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International Relations Since 1945

International Relations Since 1945 (3rd edn)

John W. Young and John Kent
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date: 12 April 2024

p. 30912. An Era of Negotiations, 1972–3locked

p. 30912. An Era of Negotiations, 1972–3locked

  • John W. YoungJohn W. YoungProfessor of International History, The University of Nottingham, UK
  •  and John KentJohn KentEmeritus Professor, London School of Economics & Political Science

Abstract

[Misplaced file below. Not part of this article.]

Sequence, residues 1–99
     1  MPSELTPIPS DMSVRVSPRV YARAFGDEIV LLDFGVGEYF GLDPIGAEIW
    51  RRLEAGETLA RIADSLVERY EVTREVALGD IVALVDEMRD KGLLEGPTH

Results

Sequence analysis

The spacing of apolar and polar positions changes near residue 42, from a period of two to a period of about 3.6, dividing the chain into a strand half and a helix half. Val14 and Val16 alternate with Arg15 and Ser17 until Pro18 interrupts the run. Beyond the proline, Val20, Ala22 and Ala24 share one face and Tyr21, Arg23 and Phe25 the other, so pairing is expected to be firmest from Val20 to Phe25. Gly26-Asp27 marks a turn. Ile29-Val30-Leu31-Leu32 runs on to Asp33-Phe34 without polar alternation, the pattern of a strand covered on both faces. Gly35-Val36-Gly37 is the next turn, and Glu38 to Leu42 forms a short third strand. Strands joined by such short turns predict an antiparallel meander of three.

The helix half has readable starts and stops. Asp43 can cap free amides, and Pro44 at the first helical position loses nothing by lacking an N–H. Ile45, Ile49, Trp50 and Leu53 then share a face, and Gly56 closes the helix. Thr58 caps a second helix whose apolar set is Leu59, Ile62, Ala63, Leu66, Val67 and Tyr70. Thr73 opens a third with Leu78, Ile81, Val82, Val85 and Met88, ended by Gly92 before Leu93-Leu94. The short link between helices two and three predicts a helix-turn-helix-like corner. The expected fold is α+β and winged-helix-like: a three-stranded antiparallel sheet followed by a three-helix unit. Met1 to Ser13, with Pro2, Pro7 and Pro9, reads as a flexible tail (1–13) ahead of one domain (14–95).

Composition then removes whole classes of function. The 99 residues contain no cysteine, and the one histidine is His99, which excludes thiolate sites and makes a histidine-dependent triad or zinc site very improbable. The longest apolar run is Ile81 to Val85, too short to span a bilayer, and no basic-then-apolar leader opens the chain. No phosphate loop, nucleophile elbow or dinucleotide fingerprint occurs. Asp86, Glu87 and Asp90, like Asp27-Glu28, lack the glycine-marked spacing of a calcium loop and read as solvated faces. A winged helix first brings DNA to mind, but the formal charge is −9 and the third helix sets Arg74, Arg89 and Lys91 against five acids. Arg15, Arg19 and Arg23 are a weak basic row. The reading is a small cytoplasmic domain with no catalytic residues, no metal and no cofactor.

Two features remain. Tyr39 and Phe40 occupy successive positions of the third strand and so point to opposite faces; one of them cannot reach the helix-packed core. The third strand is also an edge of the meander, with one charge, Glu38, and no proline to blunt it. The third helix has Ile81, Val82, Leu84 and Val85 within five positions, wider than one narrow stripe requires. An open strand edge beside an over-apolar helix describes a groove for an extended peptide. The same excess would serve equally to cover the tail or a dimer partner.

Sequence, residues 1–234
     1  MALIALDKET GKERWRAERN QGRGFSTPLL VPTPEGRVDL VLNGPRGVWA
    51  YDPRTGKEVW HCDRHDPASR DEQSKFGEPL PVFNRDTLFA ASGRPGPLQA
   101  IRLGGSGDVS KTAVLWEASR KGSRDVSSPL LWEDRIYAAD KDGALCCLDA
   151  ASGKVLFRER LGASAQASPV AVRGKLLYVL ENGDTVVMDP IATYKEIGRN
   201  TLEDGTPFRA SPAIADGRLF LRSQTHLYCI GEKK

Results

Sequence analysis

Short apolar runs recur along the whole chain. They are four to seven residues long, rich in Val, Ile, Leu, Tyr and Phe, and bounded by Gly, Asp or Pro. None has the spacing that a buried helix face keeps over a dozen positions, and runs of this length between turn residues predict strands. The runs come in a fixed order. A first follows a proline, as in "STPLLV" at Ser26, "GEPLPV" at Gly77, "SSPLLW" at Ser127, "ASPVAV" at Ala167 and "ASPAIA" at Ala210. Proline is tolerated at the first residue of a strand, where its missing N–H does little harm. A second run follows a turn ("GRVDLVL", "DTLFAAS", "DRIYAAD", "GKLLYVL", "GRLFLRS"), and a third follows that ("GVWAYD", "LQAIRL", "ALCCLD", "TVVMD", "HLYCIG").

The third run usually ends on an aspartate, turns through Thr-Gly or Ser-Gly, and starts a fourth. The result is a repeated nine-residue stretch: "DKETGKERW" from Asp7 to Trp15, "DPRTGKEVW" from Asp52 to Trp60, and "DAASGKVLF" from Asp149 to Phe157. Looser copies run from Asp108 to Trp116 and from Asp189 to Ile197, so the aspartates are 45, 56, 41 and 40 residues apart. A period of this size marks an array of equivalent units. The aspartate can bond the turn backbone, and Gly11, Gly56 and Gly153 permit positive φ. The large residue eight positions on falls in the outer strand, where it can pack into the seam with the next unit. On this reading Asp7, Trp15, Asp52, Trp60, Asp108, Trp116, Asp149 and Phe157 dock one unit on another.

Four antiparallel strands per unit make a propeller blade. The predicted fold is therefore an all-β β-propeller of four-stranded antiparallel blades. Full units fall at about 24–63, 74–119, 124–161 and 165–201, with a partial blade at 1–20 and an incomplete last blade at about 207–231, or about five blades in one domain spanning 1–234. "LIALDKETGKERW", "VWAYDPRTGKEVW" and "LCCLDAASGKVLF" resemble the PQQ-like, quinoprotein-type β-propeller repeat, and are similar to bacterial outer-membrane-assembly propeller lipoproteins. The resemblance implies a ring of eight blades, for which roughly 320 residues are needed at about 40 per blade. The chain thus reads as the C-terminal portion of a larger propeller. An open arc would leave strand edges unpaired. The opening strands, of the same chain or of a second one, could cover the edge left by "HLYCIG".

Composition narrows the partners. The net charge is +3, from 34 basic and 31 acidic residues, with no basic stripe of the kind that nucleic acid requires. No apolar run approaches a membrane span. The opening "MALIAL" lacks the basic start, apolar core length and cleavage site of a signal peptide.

This chapter examines the negotiations pursued by the United States and the Soviet Union in the early 1970s. The most dramatic change in international diplomacy in the early 1970s was the rapprochement between Beijing and Washington. After two decades of enmity, it was announced on 15 July 1971 that Richard Nixon was to visit China. The ‘Opening to China’ was in accord with the Nixon–Kissinger hope of maintaining a favourable position vis-à-vis the Soviets despite America’s problems in Vietnam. The chapter first considers the so-called ‘triangular diplomacy’ involving the US, USSR, and China as well as the East Asian balance, before discussing the Moscow Summit and Strategic Arms Limitation Talks (SALT I). It concludes with an assessment of the Nixon administration’s Vietnam settlement in 1972–3 via the Paris peace accords.

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